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Appreciation: Harper Lee

Harper Lee passed away on Friday at age 89. Almost anyone who has sat through a high school English class has read her novel “To Kill a Mockingbird.” It is one of the most well-known and widely read books of the last century. The novel looks into the lives of the residents of a small Alabama town as they deal with racial injustice.

The novel was released in 1960 and spent 98 weeks on the New York Times best-sellers list. And it received the Pulitzer Prize for best fiction a year after its release. But the novel’s success reaches far beyond that. The novel has been translated into more than 40 languages, and more than 30 million copies have been sold.

Since its release, the novel has been a favorite of both avid and reluctant readers. It’s been on countless required reading lists. The book has never gone out of print. Its powerful message on racism and its memorable quotes make Harper Lee one of the most famous American authors ever.

“To Kill A Mockingbird,” set in 1930s Alabama, follows the story of Atticus, Scout and Jem Finch. Atticus is defending a black man in a trial during a time when many of the people around them were deeply racist. Racism has changed since the 1930s, but the novel’s message still resonates.

One of the story’s most powerful messages is the importance of understanding others. Lee wrote, “(…) before I can live with other folks I’ve got to live with myself. The one thing that doesn’t abide by majority rule is a person’s conscience.” It causes the people to think about right and wrong.

As the characters are forced to think about their values and the way they think about people, so is the reader. None of the characters are perfect, but they’re realistic, which is arguably one of the reasons the novel has been a favorite for generations.

Much of “To Kill A Mockingbird” was based on Lee’s life, which contributes to the relatable characters of the novel.

Born in 1926, in Monroeville, Ala., Lee was the youngest of four siblings. She lived during a time when Jim Crow laws were still followed in Southern states.

Growing up, Lee was considered a tomboy, much like the story’s narrator, Scout Finch. Lee’s father and older sisters were lawyers, as was Atticus, Scout’s father and one of the main characters in the book.

As a lawyer, Lee’s father had to defend two black men on trial for murdering a store owner; both men were hanged. Due to this, her father stopped practicing as a criminal attorney. He became a title lawyer, dealing with property.

Lee attended the all-female Huntingdon College, where she stood out, choosing to focus most of her time on her studies. She transferred to the University of Alabama, and spent a summer at Oxford University.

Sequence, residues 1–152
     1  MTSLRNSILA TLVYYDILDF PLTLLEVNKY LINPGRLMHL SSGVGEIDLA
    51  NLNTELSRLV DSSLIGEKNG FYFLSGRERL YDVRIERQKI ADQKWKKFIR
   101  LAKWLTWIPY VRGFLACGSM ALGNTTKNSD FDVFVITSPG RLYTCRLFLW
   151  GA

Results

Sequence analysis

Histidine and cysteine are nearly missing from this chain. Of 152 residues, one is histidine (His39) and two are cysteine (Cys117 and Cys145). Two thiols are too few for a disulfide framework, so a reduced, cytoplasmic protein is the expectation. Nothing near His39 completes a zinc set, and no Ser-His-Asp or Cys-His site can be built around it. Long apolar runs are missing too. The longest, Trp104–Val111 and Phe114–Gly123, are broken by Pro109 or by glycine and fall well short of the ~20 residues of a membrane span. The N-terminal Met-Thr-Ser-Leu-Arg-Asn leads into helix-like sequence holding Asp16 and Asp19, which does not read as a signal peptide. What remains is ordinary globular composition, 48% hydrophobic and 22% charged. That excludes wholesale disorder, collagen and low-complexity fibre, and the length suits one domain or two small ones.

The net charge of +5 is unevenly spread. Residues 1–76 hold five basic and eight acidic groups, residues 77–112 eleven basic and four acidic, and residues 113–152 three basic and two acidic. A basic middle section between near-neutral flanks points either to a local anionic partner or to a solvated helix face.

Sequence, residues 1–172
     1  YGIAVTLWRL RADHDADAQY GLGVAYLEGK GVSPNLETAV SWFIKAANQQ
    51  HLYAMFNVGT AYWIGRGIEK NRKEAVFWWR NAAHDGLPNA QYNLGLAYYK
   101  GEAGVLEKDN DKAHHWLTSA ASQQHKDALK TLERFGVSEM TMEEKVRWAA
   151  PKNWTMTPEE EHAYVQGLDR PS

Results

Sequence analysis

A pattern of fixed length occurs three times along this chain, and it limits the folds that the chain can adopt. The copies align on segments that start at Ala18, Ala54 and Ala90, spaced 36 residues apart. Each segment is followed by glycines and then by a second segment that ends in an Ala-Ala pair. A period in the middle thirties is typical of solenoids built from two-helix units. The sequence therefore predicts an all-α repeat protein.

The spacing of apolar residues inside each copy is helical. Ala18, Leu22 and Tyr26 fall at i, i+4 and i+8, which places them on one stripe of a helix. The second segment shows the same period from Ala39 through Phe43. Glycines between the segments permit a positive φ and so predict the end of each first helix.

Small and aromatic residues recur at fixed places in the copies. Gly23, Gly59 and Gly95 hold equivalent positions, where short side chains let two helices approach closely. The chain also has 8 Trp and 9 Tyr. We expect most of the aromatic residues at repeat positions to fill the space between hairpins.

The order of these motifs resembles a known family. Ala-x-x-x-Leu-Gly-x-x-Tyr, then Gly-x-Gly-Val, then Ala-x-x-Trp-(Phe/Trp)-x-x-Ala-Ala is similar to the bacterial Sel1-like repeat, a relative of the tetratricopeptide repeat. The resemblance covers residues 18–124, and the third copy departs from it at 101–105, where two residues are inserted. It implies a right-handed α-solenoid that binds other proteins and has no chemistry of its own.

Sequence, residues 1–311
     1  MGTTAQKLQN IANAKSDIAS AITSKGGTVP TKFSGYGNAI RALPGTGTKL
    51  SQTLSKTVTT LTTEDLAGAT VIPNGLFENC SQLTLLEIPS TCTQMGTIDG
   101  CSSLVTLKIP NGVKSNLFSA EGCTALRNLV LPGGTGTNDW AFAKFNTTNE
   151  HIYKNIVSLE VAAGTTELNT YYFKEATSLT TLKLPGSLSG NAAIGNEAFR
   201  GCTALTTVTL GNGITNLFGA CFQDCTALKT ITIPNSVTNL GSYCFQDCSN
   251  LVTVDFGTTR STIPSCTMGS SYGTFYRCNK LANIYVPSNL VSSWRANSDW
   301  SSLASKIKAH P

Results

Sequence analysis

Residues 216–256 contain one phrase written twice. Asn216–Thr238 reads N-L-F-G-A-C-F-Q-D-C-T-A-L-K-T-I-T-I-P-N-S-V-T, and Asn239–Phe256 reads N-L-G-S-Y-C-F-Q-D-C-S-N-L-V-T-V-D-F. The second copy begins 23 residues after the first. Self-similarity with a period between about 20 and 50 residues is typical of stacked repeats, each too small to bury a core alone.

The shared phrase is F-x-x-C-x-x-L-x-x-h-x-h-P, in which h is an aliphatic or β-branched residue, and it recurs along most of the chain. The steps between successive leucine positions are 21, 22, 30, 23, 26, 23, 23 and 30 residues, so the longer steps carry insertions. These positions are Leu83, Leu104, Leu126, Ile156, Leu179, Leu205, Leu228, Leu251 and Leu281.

At the urging of her family, Lee entered law school, though she preferred spending her time on the school newspaper. Later, she dropped out of law school and moved to New York City to pursue her writing.

Lee didn’t have luck on her first try getting published – she and an editor worked together for two and a half years until the final draft of “To Kill a Mockingbird” was written.

Until 2015, Lee had only released one novel. Then “Go Set a Watchman,” the original manuscript of “To Kill a Mockingbird,” was discovered and published. It depicts an older Scout visiting a racist Atticus, and caused controversy with many devoted fans.

Though laws have changed since the conception of “To Kill A Mockingbird,” and now people of all races are equally protected under the law, the novel’s popularity and importance in society never fades.

Since Lee wrote from the point of view of a child, Scout grew up throughout the novel. Scout learned that not everyone makes judgments based on what is necessarily the virtuous decision – people make decisions based on what their peers will say about them.

Lee’s story teaches its readers to do the right thing, whether or not other people support this. Gossip flies around town and Jem and Scout are taunted by classmates, and even by the adults they trust. But the Finches continue to stand up for what they know is right.

The story is very important for teens because as Scout grows up, she becomes more aware of the people around her. She is forced to realize what other people think. As a child, she understands that what other people think and say aren’t necessarily always right, but she must decide for herself which is the moral decision.

Lee wrote the novel in a way that leaves the reader to question the normal order of things – she doesn’t write in a way that definitively tells exactly how things should be.

The ending is neither happy nor sad, but it leaves room for conversation, and it sparks ideas.

Lee inspired many, as hers is a novel that encourages empathy and open-minded thinking. She accomplished in one novel what many hope to accomplish in their life’s work.

Though Harper Lee has passed away, her thoughts and ideas still live on through her writing.

As she wrote in one of the most memorable lines in the novel, “You never really understand a person until you consider things from his point of view … until you climb into his skin and walk around in it.”

Catherine Reed is a freshman at Orchard Park High School.